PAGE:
In 2012, several large firms began purchasing single-family homes with the stated intention of creating large portfolios of rental property. We present the first systematic evidence on how this new investor activity differs from that of other investors in the housing market. Many aspects of buy-to-rent investor behavior are consistent with holding property for rent rather than reselling quickly. Additionally, the large size of these investors imparts a few important advantages. In the short run, this investment activity appears to have supported house prices in the areas where it is concentrated. The longer-run impacts remain to be seen.
I had been very skeptical of this asset class when it first appeared, thinking that the housing crisis presented a one-time opportunity for investors to profit from this type of investment. The conventional wisdom had been that it was too hard to manage so many units scattered over so much territory. The authors identify reasons to think that that conventional wisdom is now outdated:
To the extent that technological improvements, economies of scale, and lower financing costs have substantially reduced the operating costs of buy-to-rent investors relative to smaller investors, large portfolios of single-family rental property may become a permanent feature of the real estate market. As such, the events of the past three years may signal the emergence of a new class of real estate asset. A similar transformation occurred in the market for multifamily structures in the 1990s, when large firms began to purchase multifamily property and created portfolios of professionally-managed multifamily units that were traded on public stock exchanges as REITs. (32-33)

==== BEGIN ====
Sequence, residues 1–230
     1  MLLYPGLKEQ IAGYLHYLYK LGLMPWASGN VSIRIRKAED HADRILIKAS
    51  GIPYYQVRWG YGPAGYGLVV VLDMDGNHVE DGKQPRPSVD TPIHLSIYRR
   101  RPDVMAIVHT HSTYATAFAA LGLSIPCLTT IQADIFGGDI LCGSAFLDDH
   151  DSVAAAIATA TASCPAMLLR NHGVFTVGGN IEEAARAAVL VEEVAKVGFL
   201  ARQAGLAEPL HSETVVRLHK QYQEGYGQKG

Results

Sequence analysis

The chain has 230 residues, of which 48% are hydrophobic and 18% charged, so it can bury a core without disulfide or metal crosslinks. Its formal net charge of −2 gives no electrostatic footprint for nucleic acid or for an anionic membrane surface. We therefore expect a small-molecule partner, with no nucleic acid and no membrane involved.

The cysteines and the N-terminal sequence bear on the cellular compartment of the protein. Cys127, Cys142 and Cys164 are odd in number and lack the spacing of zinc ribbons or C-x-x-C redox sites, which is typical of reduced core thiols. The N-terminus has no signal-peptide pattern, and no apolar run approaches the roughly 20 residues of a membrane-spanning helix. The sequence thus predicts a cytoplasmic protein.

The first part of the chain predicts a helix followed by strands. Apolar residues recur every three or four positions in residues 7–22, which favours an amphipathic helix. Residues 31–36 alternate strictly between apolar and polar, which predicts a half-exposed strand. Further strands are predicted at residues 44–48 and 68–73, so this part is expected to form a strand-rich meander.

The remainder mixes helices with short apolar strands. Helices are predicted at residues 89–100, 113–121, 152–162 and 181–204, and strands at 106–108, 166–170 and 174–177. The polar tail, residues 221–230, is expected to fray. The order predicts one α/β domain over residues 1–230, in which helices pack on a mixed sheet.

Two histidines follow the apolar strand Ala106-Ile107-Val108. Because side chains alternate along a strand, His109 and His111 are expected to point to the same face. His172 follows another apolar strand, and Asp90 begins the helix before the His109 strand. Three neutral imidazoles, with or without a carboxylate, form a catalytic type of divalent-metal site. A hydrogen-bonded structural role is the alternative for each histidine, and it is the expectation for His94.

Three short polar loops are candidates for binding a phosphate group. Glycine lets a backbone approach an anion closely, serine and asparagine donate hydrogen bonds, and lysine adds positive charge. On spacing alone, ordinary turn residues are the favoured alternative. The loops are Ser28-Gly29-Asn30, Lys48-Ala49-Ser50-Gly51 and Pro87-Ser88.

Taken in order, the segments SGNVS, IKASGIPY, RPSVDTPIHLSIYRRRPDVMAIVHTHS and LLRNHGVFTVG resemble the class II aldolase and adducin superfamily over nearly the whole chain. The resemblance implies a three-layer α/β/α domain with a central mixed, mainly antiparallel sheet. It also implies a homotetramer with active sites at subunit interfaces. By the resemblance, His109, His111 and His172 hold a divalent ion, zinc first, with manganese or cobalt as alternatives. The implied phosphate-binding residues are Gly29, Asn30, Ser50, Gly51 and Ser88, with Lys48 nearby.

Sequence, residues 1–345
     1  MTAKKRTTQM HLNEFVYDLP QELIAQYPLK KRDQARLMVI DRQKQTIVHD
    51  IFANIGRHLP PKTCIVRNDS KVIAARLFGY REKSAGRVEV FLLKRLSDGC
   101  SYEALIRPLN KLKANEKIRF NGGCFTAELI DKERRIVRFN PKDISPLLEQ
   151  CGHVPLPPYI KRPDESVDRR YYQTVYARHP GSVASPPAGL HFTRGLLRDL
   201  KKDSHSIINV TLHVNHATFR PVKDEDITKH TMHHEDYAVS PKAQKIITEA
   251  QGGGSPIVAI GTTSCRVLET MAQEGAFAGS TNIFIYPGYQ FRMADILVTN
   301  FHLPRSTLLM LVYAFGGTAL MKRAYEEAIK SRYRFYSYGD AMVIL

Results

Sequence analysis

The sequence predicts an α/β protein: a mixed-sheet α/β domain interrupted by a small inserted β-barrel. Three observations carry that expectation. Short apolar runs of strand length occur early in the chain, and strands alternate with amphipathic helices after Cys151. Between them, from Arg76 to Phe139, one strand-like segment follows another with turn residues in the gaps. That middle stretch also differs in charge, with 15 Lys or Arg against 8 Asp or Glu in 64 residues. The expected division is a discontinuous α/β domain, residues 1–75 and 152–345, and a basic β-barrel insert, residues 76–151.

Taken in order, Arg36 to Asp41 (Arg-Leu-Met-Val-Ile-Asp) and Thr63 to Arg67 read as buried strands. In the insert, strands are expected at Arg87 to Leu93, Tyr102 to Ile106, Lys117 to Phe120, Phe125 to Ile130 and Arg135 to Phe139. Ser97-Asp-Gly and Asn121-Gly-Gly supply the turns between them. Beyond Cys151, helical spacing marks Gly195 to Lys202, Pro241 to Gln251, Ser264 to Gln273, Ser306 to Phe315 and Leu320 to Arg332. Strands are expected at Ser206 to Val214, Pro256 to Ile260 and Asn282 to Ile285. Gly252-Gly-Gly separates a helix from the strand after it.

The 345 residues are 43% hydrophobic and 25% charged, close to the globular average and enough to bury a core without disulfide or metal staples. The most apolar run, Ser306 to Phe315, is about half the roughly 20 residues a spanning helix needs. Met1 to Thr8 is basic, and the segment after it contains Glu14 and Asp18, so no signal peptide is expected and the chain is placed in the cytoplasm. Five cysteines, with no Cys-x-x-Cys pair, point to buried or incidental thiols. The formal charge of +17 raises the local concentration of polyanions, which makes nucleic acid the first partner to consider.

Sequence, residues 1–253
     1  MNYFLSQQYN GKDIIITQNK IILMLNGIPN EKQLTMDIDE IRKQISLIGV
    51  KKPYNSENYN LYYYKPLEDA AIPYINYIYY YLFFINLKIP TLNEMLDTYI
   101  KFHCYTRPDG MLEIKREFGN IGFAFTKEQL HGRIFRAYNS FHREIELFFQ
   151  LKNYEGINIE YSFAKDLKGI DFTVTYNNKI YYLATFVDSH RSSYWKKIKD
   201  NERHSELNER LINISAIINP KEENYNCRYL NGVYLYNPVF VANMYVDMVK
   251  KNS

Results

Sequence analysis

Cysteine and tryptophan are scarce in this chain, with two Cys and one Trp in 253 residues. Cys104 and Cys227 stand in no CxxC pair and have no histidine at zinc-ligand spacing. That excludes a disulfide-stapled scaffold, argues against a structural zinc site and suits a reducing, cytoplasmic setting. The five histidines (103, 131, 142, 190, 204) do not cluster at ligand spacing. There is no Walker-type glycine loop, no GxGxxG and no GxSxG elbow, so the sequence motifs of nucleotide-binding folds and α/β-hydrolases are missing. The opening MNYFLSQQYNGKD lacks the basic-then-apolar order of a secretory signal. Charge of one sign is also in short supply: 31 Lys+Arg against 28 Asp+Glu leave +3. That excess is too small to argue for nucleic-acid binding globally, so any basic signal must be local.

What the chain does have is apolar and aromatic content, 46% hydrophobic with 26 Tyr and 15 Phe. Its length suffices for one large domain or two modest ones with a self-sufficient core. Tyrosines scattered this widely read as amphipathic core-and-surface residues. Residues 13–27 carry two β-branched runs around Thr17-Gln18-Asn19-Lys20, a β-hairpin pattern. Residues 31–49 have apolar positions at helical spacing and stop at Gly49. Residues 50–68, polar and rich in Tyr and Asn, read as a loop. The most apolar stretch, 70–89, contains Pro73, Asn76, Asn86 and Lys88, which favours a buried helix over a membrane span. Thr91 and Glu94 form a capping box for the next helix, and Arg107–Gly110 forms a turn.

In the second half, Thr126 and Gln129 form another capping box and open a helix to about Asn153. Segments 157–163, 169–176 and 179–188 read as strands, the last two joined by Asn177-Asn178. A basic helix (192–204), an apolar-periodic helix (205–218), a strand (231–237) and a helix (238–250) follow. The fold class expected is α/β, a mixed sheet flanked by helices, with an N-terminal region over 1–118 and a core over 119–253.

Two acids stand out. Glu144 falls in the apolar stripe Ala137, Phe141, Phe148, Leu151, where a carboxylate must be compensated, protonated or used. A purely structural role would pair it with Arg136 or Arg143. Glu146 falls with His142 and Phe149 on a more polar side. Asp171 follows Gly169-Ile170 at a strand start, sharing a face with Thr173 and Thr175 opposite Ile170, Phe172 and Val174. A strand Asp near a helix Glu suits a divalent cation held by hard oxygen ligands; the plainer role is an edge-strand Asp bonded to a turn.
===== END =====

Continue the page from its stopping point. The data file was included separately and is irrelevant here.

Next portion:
Nonetheless, the authors are cautious (rightfully so, as far as I am concerned) in their predictions: “only time will tell whether the recent purchases of large-scale buy-to-rent investors reflect the emergence of a new asset class or whether the business model will fail to be viable over the longer-term.” (33, footnote omitted)
- MakeRoom’s campaign to bring awareness to the housing affordability concert by arranging concerts on the first (when rent is due) in the homes of families struggling to pay the rent. On August 1st Nashville an single mom, Marlene and her family were serenaded by the country music rock band John and Jacob. Marlene is an adjunct professor who spends 75% of her income on rent.
- The Urban Institute’s Housing Finance at a Glance Monthly Chartbook, contains a wealth of information on today’s real estate market including size and financing trends.